Emotions on the High Ground
Rose Theater, Lincoln Center
05/31/2018 - & June 2, 3, 4, 2018
Charles Wuorinen: Brokeback Mountain
Daniel Okulitch (Ennis Del Mar), Glenn Seven Allen (Jack Twist), Heather Buck (Alma Beers), Hilary Ginther (Lureen), Christopher Job (Aguirre), Brian Kontes (Hogboy), Kristee Haney (Mrs. Beers), Kevin Courtemanche (John Twist Sr.), Jenni Bank (Mrs. Twist), Melissa Parks (Bartender), Sarah Heltzel (Saleswoman), Daria Capasso (Alma Jr), Isabella Sorkin (Francine)
New York City Opera Chorus, New York City Opera Supernumeraries, New York City Opera Orchestra, Kazem Abdullah (Conductor)
Jacopo Sirei (Stage Director), Eva Musil (Scenery and Costume Designer), Susan Roth (Lighting Designer)
G. S. Allen, D. Okulitch (© Sarah Shatz)
“Have they no cake? Let them eat lawsuits!.”
United States Supreme Court decision defending caterers who don’t wish to cater to gay couples, June 4, 2018, 10.30 am
A few hours after reeling from this third performance of Charles Wuorinen’s Brokeback Mountain, the latest decision from our Most August Judicial Body showed that bigotry is not even comatose in America. It is alive and well. And that prejudice–whether at a confectionary or a coffeeshop –is, after 242 years, still a part of the American tapestry.
Mr. Wuorinen in an interview had said that Brokeback Mountain was less about gay prejudice than about the loneliness of people who are not allowed to pursue the life they need. And indeed, two words repeated several times in the opera, “Isolation” and “Freedom” are testament to his values.
Yet one still cannot deny that while Brokeback Mountain is a period piece and a space piece–the 1960’s in Wyoming–its power and depth still can affect us all. No, Annie Proulx did not construct a screed in the story, Ang Lee did not film a declaration in his visually arresting film, and Charles Wuorinen didn’t compose a set of anthems for Gay Pride. On the other hand, the story probably won’t be broadcast by the Laramie Opera House for several years. Though perhaps (hope runs eternal) I am wrong.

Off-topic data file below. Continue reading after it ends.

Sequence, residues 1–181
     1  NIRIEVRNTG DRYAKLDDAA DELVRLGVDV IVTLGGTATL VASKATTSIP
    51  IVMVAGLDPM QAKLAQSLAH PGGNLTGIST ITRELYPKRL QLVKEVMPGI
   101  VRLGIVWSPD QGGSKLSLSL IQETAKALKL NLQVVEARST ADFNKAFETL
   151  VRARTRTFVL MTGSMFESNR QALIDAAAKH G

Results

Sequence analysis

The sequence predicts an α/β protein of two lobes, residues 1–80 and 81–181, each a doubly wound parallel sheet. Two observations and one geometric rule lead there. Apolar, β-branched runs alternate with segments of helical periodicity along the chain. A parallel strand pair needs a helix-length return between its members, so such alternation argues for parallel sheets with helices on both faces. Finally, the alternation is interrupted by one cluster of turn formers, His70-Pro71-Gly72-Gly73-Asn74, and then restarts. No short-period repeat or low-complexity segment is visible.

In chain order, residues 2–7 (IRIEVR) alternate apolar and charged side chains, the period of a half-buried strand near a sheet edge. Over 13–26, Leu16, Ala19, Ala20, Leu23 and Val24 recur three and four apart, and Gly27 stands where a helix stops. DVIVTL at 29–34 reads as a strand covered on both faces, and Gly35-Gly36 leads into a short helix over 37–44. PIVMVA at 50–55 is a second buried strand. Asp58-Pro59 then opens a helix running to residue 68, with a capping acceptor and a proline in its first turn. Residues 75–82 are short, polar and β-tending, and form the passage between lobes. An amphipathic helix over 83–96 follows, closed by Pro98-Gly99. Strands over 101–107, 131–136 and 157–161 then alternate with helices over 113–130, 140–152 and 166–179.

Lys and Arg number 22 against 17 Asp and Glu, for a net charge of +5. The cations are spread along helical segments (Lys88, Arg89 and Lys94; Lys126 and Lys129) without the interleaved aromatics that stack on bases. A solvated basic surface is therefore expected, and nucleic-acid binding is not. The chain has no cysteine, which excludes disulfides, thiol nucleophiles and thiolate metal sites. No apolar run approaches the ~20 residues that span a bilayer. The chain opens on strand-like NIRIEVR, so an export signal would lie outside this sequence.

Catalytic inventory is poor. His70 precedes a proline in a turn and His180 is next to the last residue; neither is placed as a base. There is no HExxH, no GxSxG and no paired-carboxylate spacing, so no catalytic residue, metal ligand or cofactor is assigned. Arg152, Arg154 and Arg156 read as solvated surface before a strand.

Onto the opera itself. It is more spare than the original New Yorker story, but it is also far far more blatant. Two Wyoming cowboys are employed to guard a flock of sheep on Brokeback Mountain, one to do the actual guarding against coyotes all night long, the other to mind the camp below. Within a few days, they are both staying together. And both half-heartedly declare that “we ain’t queers.”
Still, they find comfort with themselves, comfort leading to real feeling, even real love. When they leave, to marry, to settle down, to have kids, the taciturn Ennis (Daniel Okulitch) and the outgoing Jack (Glenn Seven Allen) have mixed feelings. That, in Act One, is done seamlessly, with hardly a change in scenery, the two black ridges emblematic of the “hateful” mountain interspersed with a bar, a dress-shop with Ennis’s chattery fiancée (Heather Buck) looking for her wedding dress.
Act II is not seamless all, with frequent changes of scenery. At the same time, it builds up, with both men seeing each other, keeping secrets from their wives and finally, with the death of Jack, Ennis realizes that his life had been needlessly lonely.
One must first laud the settings and direction of this opera. Amidst the huge stage of the Rose Theater, the characters could seem diminished. Yet the backgrounds are so spare that their movements are sharp, focused, we never ever lose sight of their actions and nonactions. Act I is the more blatant, with both men holding each other, almost plunging into their tent, and–in a crucial moment not explained until the very end–indulging in a blood-fight. If Act II loses the pace through movements of stage apparatus, the libretto is so tight that one rarely realizes it.